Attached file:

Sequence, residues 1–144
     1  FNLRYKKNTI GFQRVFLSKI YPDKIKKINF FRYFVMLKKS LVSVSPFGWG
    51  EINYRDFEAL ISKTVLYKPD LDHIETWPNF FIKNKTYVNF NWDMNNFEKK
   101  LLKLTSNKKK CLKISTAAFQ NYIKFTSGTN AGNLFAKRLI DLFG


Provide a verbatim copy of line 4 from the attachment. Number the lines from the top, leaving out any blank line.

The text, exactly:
   101  LLKLTSNKKK CLKISTAAFQ NYIKFTSGTN AGNLFAKRLI DLFG